Mersin Citrus Festival helps put southern Turkish city on the map
MERSİN - Hürriyet Daily News | 11/30/2010 12:00:00 AM | EMI JOZUKA
Mersin’s first major Citrus Festival proves there is still definitely time for a burst of summer, carnival fun with over 50 different dance troupes, musicians and local groups. The festival, which took place on the weekend, is part of a drive to promote the Mediterranean province to a wider domestic and international audience, its main organizer says
Long overlooked next to the tourism juggernaut of Antalya, the southern province of Mersin has much cultural and agricultural heritage to share with the world, according to the organizer of the city’s first annual Citrus Festival.
“Antalya and Mersin are similar cities, yet tourism is much more developed in the former. Fifteen million tourists go to Antalya each year; Mersin only sees 2 percent of that figure – that's a big difference,” Abdullah Öztürk, the local Commodity Exchange Chairman and brains behind the festival, told the Hürriyet Daily News & Economic Review on Saturday.
The festival, which ran over the weekend, took Mersin’s key agricultural products, oranges and lemons, as its theme and sought to promote the importance of these fruits to a domestic and international audience through a weekend of festivities.
The city’s seafront was aflutter with orange and yellow flags, fruit sculptures and food stores, while the festivities kick-started on Saturday morning with a cortege of over 50 different dance troupes, musicians and local societies. Among the performers in the afternoon show were folkloric dance troupes from Bulgaria, Poland and Russia, capoeira and tango shows by Mersin University students and a special light performance from a Japanese troupe. The performances and distribution of free fruits and beverages continued through Sunday evening.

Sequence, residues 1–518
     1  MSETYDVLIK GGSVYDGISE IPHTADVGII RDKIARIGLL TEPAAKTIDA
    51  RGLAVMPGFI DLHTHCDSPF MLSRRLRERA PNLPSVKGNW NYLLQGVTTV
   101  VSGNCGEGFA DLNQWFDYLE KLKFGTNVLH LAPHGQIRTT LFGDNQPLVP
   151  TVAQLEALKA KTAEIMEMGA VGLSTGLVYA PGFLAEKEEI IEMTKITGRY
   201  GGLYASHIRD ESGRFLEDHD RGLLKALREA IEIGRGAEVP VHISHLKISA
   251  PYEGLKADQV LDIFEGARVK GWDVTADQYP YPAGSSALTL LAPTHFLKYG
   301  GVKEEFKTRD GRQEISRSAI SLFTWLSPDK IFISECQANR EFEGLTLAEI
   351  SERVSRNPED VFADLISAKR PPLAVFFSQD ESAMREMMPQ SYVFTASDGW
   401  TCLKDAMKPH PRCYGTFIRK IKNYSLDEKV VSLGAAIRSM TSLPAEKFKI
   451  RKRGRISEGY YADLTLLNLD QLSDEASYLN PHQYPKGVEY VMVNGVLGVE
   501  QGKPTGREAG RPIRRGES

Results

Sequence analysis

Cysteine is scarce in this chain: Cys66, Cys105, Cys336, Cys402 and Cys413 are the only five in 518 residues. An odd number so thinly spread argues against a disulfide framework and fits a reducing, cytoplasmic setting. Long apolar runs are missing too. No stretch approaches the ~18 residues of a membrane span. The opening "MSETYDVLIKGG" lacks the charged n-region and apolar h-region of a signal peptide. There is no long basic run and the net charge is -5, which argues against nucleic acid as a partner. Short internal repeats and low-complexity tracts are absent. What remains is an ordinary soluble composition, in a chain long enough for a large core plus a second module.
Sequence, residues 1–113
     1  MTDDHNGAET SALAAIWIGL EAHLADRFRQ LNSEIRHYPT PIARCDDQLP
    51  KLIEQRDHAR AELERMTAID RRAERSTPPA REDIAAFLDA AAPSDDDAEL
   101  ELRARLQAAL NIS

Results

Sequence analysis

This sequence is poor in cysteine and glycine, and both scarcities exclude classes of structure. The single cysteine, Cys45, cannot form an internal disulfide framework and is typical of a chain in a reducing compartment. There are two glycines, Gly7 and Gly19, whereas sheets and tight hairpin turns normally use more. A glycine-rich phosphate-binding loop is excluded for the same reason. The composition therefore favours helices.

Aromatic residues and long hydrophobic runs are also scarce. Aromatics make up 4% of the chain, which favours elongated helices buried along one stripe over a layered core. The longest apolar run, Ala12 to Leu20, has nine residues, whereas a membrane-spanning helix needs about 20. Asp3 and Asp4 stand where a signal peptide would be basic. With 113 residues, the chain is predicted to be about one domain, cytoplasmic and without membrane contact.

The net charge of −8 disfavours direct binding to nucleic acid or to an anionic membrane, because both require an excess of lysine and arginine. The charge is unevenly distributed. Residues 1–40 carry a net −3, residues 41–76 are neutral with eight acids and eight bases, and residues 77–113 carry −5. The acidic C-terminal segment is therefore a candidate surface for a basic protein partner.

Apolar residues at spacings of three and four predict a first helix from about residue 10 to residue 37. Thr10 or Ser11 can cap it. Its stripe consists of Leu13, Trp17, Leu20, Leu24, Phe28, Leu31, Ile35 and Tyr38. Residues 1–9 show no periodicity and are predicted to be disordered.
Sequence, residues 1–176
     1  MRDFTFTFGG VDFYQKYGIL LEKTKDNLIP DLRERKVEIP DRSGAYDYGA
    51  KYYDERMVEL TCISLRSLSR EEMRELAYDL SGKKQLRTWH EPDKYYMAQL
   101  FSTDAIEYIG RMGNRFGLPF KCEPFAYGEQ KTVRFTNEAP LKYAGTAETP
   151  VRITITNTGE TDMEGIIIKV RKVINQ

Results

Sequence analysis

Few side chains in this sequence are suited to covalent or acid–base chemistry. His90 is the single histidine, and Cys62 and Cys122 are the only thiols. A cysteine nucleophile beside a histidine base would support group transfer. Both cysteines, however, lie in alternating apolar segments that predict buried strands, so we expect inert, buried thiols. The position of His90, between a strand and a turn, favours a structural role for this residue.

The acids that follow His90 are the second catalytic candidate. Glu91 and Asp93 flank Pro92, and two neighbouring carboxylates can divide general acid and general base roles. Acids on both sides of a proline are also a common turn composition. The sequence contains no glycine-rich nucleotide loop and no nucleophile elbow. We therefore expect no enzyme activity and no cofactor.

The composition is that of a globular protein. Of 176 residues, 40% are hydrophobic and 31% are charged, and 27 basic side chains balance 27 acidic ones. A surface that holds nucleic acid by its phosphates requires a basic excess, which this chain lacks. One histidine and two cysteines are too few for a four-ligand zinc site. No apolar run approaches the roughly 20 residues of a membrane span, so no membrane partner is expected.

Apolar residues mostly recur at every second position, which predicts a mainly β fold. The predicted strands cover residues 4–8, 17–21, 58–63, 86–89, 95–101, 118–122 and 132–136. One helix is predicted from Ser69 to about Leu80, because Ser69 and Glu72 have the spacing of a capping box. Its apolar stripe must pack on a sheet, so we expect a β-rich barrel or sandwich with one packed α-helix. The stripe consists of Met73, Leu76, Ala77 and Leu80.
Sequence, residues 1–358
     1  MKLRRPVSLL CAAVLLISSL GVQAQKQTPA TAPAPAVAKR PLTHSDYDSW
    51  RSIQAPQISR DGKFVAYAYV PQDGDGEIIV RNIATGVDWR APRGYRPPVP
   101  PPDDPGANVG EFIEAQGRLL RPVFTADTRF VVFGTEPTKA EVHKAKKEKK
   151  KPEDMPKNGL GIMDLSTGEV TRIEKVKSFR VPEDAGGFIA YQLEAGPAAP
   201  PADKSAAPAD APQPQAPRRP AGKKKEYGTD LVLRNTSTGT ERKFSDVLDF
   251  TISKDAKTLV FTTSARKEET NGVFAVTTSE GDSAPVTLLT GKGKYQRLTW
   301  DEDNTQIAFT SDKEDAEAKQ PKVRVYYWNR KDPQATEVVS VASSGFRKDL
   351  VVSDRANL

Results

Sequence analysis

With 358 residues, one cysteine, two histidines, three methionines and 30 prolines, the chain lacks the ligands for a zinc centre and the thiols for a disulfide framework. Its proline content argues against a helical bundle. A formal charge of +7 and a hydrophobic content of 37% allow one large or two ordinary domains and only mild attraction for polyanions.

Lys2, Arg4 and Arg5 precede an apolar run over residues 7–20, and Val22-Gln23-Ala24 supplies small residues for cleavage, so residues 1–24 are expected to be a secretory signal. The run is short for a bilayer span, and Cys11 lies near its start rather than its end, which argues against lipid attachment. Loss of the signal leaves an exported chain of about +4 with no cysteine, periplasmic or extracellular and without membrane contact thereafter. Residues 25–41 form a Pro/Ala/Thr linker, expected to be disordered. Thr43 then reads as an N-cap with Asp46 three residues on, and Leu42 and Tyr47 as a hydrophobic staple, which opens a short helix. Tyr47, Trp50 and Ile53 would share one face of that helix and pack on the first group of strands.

Conducting research online, Öztürk learned about a citrus festival in Menton, France. After visiting the festival to find out more, he decided that it would be a good idea to organize a similar festival in Mersin to promote more awareness of the region and its citrus fruits.
“I learned that the citrus festival in Menton has been running for over 70 years now. They no longer use their own oranges but import oranges from Spain and make various orange sculptures and hold festivities. I wanted to do something similar in Mersin, as the park and space along the seafront seemed like an ideal location,” he said.
“In Menton, they organize the festival to promote tourism – drawing in visitors from France and Italy,” Öztürk said.
[HH] Trying to improve Mersin’s image
In addition to promoting awareness on the important role that Mersin plays in citrus production, Öztürk also wants to raise Mersin’s profile in the domestic and international arena as an important location for culture and tourism.
“There are many people of Kurdish origin in Mersin and sometimes the city is associated with the conflicts that are ongoing in [the southeastern province of] Diyarbakır,” he said. “Such problems occur in the outskirts of Mersin, not in the city center. Television channels broadcast such events. Here we do not feel like there is such a problem; but people living in Ankara, Istanbul and İzmir relate Mersin with these problems. That’s also another reason why I wanted to organize this festival – to show that Mersin is not like that.”
As well as promoting Mersin's profile as a key producer of citrus fruits, Öztürk said the cultural aspect and enjoyment factor of the festival was important as well.
“For two days, people in Mersin can have fun, see different things and listen to music and dance – it’s so that people can have fun,” he said.
Celebrating its first year in the making, Mersin’s Citrus Festival boasted a thoroughly enjoyable carnival feeling that has not yet been soured by the bittersweet cocktail of business and culture.
[HH] A key citrus producer and exporter
Mersin is a key exporter and producer of citrus fruits in Turkey, accounting for 70 percent of the country’s lemon production and 40 percent of the country’s entire citrus production. It exports its produce to a worldwide market, of which Russia receives the largest share.
Although the region boasts fertile soil and a climate ripe for citrus production, over the years, farmers have had to come to terms with the increasing prices of seeds and fertilizers and the decreasing price of citrus fruit.